CHICAGO — Theauntae Jones says he hopes to head to college next year in Ohio but the road there hasn’t been easy.
“My mom was struggling really hard and this helped her a lot,” the Leo Catholic high schooler said of the ‘Invest in Kids’ program. “Mom came into my room and she was really happy (and) said, ‘We got the scholarship.’ It gave her $8,000.”
The Illinois Invest in Kids Scholarship Program allows taxpayers a 75% credit for every dollar donated towards the funding of scholarships that help send students from low-income families to private schools. The program is due to sunset by the end of the year, however, and will go away entirely by January 2025 unless lawmakers step in to save it.
More than 9,000 kids are on scholarship, with about 26,000 more on the waiting list. It’s why hundreds, including Rev. Michael Pfleger, gathered at St. Sabina on Wednesday, demanding action from officials in Springfield.
“We can’t keep talking about children reaching their purpose and then block them from the education they deserve,” Pfleger said. “I fight for this school cause I want the best thing for the kids in this neighborhood and the opportunity for them to achieve their goals and dreams.”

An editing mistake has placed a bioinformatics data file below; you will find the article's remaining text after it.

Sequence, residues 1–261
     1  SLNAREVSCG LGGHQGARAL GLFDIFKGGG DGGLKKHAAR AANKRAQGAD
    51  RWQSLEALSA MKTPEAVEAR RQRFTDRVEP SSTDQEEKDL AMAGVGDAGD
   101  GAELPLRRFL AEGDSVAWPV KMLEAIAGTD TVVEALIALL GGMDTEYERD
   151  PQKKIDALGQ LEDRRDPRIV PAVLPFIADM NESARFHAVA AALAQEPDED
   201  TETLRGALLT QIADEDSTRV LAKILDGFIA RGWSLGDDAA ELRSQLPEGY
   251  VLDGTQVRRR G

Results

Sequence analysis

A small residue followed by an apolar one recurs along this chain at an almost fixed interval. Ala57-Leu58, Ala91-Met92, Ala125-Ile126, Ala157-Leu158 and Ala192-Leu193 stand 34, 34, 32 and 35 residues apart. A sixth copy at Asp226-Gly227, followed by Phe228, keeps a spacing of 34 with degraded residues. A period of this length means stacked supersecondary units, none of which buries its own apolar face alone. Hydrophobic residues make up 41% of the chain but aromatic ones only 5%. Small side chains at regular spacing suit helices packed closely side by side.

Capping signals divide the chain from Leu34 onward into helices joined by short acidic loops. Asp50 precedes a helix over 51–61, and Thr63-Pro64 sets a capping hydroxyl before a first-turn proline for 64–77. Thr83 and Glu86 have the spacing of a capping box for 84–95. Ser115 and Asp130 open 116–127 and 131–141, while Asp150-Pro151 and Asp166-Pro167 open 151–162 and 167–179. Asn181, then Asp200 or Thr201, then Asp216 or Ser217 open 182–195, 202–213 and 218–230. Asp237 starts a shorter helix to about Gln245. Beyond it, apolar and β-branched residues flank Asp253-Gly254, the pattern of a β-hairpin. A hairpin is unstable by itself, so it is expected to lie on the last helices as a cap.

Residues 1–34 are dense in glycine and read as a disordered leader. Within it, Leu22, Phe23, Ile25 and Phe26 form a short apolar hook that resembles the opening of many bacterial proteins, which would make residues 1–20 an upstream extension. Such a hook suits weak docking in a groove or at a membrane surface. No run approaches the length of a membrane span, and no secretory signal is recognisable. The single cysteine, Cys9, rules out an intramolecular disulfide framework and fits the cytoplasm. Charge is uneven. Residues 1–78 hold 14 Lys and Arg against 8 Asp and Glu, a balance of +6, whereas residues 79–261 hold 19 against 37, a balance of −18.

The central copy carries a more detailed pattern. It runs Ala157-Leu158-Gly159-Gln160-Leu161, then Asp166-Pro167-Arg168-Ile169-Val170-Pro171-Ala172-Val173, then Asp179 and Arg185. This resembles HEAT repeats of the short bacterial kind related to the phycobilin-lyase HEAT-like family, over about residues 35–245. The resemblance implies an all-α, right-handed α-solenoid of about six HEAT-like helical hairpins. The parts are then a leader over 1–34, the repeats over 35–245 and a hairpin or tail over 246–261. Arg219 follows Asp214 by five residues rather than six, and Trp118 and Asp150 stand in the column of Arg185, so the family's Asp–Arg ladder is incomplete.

Critics argue that the Illinois Invest in Kids Scholarship Program has diverted millions from Chicago Public Schools.
“Chicago Public Schools, alone, is $1.2 billion short from the state where it should be. And so, it’s really not OK to be handing over public dollars to private schools,” said Cassie Creswell, Illinois Families for Public Schools director.
According to Creswell, doing away with the program is not about stopping scholarships – because wealthy donors can still write checks and claim money back from the federal government – rather than the state.
“It’s a question of how much are we subsidizing donors who want to make contributions to private schools and should we really be subsidizing those more than we do other charitable contributions?” Creswell said.
But Pfleger told WGN News it’s not a case of who needs more money but about Illinois investing in education so that children from all backgrounds can succeed.
“Why can’t we have both?” Pfleger asked. “Why can’t we do both? We can and we should. So don’t play politics with me, ‘Well, if we do this, we hurt this;’ That’s garbage. We have to stop lying about that. We can do both.”